Tuesday, July 26, 2005

Admissibility of criminal defendants' taste in entertainment

[RESEARCH] Should the prosecution be able to use evidence that a defendant listens to gangsta rap or death metal, plays violent video games, or reads gruesome books? In a recent law review article, Prof. Helen A. Anderson examines the different treatment of producers of these works (when sued civilly or censored in some way) and the consumers of the works (when tried for violent crimes). The producers are protected by the First Amendment -- but First Amendment arguments are not always even raised on behalf of the consumers.

Helen A. Anderson, The Freedom to Speak and the Freedom to Listen: The Admissibility of the Criminal Defendant's Taste in Entertainment, 83 Or. L. Rev. 899 (2004).

Prof. Anderson recommends:

The First Amendment does not erect a barrier to the admission of relevant evidence, but neither should it be completely trodden underfoot whenever the state seeks to introduce evidence of a defendant’s taste in books, movies, or music. Where such evidence is likely to be extremely prejudicial, as it will always be when the state seeks to tie violent entertainment to the crime, courts should require more than a mere similarity between the crimes depicted and the crime charged. In addition, reviewing courts should not give trial courts broad discretion to determine whether the defendant’s constitutional rights are affected; constitutional issues should be reviewed de novo as questions of law. Finally, courts should engage in harmless-error analysis cautiously.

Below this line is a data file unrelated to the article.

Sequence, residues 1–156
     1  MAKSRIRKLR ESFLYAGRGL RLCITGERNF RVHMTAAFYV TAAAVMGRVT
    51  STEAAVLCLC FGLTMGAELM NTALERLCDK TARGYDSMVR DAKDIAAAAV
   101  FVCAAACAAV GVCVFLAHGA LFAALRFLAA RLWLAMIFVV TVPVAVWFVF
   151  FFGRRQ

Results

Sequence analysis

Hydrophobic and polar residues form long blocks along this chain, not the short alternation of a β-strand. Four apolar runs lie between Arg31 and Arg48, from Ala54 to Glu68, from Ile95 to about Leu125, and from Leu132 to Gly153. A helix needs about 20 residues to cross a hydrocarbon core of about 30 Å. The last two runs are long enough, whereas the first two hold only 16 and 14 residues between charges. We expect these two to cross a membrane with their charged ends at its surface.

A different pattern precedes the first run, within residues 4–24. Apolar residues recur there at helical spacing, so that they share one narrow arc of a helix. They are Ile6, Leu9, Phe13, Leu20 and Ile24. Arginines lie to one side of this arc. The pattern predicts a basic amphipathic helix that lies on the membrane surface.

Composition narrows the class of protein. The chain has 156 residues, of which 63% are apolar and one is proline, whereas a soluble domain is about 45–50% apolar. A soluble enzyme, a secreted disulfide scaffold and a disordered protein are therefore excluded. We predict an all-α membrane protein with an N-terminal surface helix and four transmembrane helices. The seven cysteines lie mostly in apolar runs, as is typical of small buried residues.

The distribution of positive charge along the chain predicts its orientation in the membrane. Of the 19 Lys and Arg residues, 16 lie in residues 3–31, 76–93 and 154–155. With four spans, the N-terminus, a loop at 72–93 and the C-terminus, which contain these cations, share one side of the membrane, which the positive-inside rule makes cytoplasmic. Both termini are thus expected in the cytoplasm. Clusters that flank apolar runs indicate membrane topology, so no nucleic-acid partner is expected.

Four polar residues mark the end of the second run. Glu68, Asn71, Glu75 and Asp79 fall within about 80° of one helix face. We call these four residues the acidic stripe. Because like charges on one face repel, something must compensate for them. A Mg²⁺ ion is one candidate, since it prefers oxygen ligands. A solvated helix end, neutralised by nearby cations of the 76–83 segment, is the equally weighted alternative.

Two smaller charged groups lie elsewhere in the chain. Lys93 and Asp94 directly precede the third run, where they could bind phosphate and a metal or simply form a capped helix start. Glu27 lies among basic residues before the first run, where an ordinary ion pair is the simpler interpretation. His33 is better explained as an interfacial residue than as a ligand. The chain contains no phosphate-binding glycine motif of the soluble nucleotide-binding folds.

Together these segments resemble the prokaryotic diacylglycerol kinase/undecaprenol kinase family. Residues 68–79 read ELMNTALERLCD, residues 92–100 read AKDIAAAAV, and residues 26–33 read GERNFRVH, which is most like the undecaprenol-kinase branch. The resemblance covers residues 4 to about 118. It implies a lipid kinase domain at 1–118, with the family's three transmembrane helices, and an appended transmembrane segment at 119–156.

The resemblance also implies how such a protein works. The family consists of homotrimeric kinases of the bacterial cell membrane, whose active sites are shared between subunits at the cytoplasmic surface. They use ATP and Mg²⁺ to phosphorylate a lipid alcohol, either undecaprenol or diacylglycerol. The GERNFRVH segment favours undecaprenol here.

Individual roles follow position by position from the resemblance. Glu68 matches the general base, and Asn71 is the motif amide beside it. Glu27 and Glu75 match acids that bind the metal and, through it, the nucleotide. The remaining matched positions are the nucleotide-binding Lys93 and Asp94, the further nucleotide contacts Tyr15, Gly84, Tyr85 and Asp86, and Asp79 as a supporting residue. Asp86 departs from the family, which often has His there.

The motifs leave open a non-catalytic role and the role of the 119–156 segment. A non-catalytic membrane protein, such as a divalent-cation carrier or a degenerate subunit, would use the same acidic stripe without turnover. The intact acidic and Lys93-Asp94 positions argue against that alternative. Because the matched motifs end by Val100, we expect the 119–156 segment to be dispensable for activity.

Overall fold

Id. at 936.

Prof. Anderson observes that producers and consumers may have been treated differently with respect to these First Amendment issues because of resource disparities. An entertainment corporation defending a suit may hire teams of expensive lawyers while most criminal defendants are represented by public defenders with overwhelming caseloads. It shouldn't be surprising then that the criminal cases don't have the constitutional issue briefed fully.

Prof. Anderson states that "better lawyering, beginning with timely and accurate objections, could go far toward changing the outcome with respect to consumption evidence in criminal trials." She hopes that the article "will help to alert defense counsel to the First Amendment issues at stake." Id. at 942.

Filed in: , , , , ,

No comments: